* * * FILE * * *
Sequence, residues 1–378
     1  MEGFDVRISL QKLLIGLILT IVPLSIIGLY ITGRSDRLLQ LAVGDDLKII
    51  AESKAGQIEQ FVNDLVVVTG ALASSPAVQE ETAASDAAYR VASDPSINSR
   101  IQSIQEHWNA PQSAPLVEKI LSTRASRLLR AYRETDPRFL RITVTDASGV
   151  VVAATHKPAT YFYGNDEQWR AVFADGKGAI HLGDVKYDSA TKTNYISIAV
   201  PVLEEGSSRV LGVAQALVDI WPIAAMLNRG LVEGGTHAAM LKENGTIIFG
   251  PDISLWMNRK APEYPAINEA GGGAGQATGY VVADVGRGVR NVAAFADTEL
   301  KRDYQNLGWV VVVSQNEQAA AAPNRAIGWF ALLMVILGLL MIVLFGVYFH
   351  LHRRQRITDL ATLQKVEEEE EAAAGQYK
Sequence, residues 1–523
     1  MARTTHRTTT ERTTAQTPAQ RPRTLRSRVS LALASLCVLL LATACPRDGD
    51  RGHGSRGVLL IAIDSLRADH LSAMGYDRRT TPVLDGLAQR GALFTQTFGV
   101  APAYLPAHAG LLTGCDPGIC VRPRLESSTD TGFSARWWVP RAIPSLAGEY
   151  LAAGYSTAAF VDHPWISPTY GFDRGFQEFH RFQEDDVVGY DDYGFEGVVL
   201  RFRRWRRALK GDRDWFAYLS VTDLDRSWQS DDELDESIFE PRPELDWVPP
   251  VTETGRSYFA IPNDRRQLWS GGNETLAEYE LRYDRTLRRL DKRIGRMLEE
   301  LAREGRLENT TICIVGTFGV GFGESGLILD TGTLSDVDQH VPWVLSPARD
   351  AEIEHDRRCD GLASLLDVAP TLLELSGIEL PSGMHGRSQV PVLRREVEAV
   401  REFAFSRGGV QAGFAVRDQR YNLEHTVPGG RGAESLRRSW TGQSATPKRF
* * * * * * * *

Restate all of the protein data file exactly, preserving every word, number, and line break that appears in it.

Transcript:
Sequence, residues 1–378
     1  MEGFDVRISL QKLLIGLILT IVPLSIIGLY ITGRSDRLLQ LAVGDDLKII
    51  AESKAGQIEQ FVNDLVVVTG ALASSPAVQE ETAASDAAYR VASDPSINSR
   101  IQSIQEHWNA PQSAPLVEKI LSTRASRLLR AYRETDPRFL RITVTDASGV
   151  VVAATHKPAT YFYGNDEQWR AVFADGKGAI HLGDVKYDSA TKTNYISIAV
   201  PVLEEGSSRV LGVAQALVDI WPIAAMLNRG LVEGGTHAAM LKENGTIIFG
   251  PDISLWMNRK APEYPAINEA GGGAGQATGY VVADVGRGVR NVAAFADTEL
   301  KRDYQNLGWV VVVSQNEQAA AAPNRAIGWF ALLMVILGLL MIVLFGVYFH
   351  LHRRQRITDL ATLQKVEEEE EAAAGQYK
Sequence, residues 1–523
     1  MARTTHRTTT ERTTAQTPAQ RPRTLRSRVS LALASLCVLL LATACPRDGD
    51  RGHGSRGVLL IAIDSLRADH LSAMGYDRRT TPVLDGLAQR GALFTQTFGV
   101  APAYLPAHAG LLTGCDPGIC VRPRLESSTD TGFSARWWVP RAIPSLAGEY
   151  LAAGYSTAAF VDHPWISPTY GFDRGFQEFH RFQEDDVVGY DDYGFEGVVL
   201  RFRRWRRALK GDRDWFAYLS VTDLDRSWQS DDELDESIFE PRPELDWVPP
   251  VTETGRSYFA IPNDRRQLWS GGNETLAEYE LRYDRTLRRL DKRIGRMLEE
   301  LAREGRLENT TICIVGTFGV GFGESGLILD TGTLSDVDQH VPWVLSPARD
   351  AEIEHDRRCD GLASLLDVAP TLLELSGIEL PSGMHGRSQV PVLRREVEAV
   401  REFAFSRGGV QAGFAVRDQR YNLEHTVPGG RGAESLRRSW TGQSATPKRF